First of all we need to figure out the settings that Canal Digital uses in Sweden. I did this by examining the information menus in my set top box which had a screen listing channel information with frequencies and symbol rate:


This revealed the channel frequencies and that symbol rate 6952 is used. Some searching on the internet also revealed that QAM 64 is used (which I think is the most common modulation in Sweden). After we have this information along with the frequencies for the channels we are ready to start configuring.


Configuring Anysee CNO

The Anysee CNO application is responsible for simulating the DVB-T card that MCE uses for watching TV. By default it resides in the C:\Program Files\anysee\Driver directory (or C:\Program Files (x86)\anysee\Driver if you are running 64-bit Windows).

If you look in the subdirectory Transponders\Cable you will find a bunch of preconfigured files for different networks. Unfortunately there is no settings file suitable for Canal Digital Sweden here with QAM 64 and symbol rate 6952. What I did was that I just copied a similar one and renamed it to EU_64QAM_6952.TPL as shown below:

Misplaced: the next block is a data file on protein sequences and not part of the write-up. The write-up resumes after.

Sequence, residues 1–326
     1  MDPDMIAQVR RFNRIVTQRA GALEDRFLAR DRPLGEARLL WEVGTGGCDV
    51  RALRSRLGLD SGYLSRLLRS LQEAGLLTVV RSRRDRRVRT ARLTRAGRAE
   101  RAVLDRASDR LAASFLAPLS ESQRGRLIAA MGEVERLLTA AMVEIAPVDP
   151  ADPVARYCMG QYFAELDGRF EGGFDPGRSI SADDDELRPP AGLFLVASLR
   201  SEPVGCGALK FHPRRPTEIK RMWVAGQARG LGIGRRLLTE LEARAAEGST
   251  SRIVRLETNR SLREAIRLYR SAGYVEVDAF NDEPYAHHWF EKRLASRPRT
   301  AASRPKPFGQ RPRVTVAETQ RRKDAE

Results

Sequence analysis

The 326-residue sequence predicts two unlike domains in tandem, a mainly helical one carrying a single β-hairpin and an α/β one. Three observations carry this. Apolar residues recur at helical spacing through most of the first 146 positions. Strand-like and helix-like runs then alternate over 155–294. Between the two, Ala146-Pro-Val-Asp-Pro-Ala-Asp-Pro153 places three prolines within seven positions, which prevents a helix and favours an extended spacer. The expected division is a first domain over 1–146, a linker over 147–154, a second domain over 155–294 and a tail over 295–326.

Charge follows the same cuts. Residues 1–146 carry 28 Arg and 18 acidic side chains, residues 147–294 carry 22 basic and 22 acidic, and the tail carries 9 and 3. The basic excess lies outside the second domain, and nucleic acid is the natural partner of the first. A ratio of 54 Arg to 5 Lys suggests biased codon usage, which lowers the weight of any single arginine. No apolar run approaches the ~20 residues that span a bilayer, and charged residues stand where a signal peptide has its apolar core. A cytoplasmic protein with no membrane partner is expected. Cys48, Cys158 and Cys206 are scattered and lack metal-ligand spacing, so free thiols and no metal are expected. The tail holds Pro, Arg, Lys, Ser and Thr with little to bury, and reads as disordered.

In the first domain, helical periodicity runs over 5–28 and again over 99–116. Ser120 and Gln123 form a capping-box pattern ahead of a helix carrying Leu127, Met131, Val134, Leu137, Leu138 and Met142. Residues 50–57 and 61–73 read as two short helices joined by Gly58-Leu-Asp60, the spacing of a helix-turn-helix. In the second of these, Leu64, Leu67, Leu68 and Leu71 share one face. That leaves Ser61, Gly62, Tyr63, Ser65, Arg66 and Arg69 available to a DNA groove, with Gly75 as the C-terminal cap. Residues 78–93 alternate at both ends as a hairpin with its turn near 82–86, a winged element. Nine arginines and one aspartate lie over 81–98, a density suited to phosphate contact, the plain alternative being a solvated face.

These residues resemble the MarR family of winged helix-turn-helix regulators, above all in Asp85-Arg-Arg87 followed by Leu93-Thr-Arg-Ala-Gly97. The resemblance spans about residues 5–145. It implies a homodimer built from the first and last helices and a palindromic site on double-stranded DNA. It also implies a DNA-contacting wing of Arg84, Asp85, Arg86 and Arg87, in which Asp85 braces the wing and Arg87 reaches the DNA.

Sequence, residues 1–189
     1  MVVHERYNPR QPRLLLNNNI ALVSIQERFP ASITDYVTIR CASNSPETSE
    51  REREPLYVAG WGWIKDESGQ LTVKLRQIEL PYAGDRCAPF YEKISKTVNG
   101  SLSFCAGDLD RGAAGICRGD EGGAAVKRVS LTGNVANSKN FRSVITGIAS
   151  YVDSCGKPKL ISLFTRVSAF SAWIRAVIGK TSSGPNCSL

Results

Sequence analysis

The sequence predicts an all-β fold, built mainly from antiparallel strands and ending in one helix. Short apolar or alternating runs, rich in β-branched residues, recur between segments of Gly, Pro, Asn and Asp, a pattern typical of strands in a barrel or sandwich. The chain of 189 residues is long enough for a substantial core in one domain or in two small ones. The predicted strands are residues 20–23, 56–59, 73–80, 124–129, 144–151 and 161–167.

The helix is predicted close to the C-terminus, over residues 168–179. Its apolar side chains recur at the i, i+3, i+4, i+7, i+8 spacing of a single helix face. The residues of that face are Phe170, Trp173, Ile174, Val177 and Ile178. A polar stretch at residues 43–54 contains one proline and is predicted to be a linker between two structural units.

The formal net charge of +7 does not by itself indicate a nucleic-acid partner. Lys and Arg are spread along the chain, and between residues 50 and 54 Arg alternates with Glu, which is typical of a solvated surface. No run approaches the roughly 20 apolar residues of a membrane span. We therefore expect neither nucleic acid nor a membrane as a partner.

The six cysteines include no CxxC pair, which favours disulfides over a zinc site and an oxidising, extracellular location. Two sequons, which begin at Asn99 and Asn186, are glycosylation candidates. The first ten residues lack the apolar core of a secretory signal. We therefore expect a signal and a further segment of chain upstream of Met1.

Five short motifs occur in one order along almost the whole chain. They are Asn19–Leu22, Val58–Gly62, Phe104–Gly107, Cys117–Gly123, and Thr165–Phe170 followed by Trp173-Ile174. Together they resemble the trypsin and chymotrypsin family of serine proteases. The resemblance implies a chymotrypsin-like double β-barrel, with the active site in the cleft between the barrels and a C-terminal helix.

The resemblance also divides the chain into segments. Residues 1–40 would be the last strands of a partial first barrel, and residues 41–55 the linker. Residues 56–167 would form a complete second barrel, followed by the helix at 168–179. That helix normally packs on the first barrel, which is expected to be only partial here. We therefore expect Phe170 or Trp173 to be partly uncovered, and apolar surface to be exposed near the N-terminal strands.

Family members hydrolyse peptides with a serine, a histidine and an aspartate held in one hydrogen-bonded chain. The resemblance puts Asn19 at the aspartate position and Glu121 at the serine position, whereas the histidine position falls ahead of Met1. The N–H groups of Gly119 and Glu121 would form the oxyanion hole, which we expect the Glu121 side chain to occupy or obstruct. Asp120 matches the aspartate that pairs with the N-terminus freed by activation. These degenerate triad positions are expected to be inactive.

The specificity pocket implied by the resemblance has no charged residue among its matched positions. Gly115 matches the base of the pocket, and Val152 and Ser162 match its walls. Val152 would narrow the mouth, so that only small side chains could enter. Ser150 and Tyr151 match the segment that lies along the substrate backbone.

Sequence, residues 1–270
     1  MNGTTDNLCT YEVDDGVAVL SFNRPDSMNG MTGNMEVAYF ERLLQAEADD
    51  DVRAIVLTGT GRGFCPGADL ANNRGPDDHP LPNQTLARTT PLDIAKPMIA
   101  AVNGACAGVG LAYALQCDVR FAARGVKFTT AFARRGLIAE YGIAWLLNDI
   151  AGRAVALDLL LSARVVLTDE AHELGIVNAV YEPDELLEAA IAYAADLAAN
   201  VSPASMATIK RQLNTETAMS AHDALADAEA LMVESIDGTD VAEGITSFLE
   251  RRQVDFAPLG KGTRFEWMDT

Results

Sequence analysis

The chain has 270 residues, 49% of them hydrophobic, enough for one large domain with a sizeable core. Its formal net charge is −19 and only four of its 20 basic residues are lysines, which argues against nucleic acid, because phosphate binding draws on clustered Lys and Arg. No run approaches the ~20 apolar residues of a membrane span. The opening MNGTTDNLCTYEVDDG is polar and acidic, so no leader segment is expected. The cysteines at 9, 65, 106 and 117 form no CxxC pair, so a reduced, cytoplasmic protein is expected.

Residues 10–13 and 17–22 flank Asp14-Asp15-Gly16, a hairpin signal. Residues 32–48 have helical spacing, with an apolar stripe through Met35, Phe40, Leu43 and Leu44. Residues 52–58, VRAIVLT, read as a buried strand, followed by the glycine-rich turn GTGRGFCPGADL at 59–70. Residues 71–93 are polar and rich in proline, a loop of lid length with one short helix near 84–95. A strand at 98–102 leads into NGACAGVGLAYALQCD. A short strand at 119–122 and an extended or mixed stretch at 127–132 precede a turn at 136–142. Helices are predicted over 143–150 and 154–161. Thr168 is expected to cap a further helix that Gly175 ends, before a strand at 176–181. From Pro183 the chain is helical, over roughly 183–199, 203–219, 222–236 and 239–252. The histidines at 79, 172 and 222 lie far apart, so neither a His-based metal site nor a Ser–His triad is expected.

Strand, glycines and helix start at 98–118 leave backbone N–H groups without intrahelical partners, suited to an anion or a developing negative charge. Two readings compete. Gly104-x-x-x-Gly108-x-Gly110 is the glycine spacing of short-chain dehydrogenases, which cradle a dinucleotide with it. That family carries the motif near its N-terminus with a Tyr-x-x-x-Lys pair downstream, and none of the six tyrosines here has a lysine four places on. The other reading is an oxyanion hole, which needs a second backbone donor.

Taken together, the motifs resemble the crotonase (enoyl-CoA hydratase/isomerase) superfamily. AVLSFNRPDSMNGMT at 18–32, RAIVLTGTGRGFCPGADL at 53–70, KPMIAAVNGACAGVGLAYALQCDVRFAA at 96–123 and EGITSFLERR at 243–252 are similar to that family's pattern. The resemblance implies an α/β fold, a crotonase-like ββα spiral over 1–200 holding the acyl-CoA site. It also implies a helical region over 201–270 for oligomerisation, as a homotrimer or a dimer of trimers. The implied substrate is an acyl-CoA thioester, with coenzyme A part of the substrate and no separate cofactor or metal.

Then I edited the file to make sure the symbol rate said 6952 and verified that the frequencies matched the ones listed by my set top box. In my case everything looked alright so all I had to do was to change one line in the .TPL file:

Symbolrate: 6952

After adding a new settings file we also need to tell the CNO application about it. This is done by editing the CNO.CNO file found in the application directory C:\Program Files\anysee\Driver:


In the CNO.CNO file at about line 143 or so you should find a [Cable-List] section. Just add your new file here similar to what I did: